After attaining a solid grasp of grammar, syntax and morpho-syntax are presented, alongside word classification according to grammar function. This includes typology of verbs, nouns, adjectives, articles, pronouns etc. Compound words, suffixes and prefixes are also examined.
Towards the end of the primary stage, the children will be able to analyze different types of texts: tales, humorous works, detective stories, etc., as well as writing summaries, descriptions or creating their own works. They will also be prepared to interpret texts.
History is the starting point of all academic activity for the students. With the first Great Lesson, in which the formation of the known Universe is presented, demonstrations of Physics and Chemistry are given.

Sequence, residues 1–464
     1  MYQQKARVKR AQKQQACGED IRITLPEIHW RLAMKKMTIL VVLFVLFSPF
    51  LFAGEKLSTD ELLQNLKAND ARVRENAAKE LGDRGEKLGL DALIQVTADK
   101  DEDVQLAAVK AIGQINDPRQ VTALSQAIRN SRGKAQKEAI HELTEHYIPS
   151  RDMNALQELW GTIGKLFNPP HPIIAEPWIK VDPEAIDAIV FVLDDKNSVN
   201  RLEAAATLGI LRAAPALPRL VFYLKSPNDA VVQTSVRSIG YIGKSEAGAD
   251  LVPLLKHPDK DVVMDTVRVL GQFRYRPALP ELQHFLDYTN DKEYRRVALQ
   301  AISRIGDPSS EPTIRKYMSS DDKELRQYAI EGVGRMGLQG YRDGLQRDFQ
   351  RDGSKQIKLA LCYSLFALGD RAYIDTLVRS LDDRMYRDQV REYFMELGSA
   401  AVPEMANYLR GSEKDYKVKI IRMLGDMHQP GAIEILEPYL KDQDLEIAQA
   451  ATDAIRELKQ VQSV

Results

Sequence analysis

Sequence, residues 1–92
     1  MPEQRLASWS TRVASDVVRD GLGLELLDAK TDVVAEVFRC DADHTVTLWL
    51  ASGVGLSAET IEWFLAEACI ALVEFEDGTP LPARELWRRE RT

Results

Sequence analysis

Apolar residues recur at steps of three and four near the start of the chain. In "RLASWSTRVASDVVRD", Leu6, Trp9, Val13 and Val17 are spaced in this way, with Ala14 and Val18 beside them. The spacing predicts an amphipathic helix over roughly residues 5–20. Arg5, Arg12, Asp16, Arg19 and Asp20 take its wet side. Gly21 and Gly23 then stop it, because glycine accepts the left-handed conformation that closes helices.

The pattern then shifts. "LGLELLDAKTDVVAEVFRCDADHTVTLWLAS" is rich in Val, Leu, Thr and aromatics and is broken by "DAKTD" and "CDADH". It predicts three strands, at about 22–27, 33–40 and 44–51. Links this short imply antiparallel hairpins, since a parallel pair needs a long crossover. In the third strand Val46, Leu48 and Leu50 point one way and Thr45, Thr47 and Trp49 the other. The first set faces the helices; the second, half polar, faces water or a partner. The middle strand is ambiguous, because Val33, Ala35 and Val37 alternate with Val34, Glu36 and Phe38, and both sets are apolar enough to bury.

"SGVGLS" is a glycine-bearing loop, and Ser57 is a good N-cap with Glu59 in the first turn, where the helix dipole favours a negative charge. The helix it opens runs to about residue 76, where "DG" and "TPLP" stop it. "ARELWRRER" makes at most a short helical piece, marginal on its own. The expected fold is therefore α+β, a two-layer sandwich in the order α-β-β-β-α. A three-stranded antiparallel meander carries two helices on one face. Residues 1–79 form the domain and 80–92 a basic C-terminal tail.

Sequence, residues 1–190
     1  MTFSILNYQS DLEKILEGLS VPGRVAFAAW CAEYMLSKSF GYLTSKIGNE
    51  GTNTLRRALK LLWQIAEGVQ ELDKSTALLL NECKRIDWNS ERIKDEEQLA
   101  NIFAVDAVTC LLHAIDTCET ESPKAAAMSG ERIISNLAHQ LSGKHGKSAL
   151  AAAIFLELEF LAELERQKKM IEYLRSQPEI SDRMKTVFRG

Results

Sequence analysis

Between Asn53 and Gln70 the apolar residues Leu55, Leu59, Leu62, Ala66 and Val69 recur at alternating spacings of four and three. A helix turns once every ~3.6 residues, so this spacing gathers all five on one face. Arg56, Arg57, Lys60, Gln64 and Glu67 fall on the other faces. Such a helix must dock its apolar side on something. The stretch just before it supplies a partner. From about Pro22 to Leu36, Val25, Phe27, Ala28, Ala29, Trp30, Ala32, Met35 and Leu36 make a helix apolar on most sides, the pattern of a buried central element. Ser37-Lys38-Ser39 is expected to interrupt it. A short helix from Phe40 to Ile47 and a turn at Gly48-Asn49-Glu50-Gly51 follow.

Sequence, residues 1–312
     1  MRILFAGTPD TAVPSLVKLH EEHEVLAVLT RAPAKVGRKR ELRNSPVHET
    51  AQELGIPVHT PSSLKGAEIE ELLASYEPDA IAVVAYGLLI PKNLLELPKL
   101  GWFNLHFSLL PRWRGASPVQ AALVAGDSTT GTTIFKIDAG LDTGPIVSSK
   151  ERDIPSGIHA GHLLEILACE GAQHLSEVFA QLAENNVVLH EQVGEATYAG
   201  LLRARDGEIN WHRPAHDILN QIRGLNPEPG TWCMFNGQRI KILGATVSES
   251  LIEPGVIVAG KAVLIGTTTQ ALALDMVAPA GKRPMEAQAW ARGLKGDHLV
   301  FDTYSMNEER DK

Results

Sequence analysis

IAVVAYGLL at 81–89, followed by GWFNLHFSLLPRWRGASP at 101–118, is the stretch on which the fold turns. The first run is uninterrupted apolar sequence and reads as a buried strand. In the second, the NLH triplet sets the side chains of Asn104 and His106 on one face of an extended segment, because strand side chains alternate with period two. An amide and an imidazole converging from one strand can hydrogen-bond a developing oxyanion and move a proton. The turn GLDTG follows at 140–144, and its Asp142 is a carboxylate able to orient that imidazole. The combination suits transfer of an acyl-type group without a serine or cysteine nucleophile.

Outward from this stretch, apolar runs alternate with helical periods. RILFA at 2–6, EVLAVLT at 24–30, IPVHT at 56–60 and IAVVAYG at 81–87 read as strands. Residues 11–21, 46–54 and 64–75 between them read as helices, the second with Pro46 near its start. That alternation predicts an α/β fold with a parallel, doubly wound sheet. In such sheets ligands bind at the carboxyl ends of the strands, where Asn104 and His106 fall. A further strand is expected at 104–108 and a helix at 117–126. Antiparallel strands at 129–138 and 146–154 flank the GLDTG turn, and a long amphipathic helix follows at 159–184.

The aim is for the children to find their place in the world, give Space and Time dimension, value and appreciate the processes that preceded us and feel empowered to contribute to society from a creative and constructive standpoint. From this knowledge of History, motives for interest in all other areas are born.
After presenting the Big Bang and the first Great Lesson, activities involving measuring time are presented. Geological History is alternated with Paleoanthropology, until reaching local Human History. Biological evolution leads on to Biology and geological evolution leads on to Geography.
Once Human History is presented, a lot of work centers on how the basic human needs shape historical and cultural processes. Comparative studies of different civilizations and their customs and way of life are undertaken. These civilizations are placed geographically and temporally on a map of civilizations.
Finally, migration is presented. At first, an abstract approach is taken; however this gives way to references to the movement of people around the planet, their motives and interaction between cultures and ethnic groups.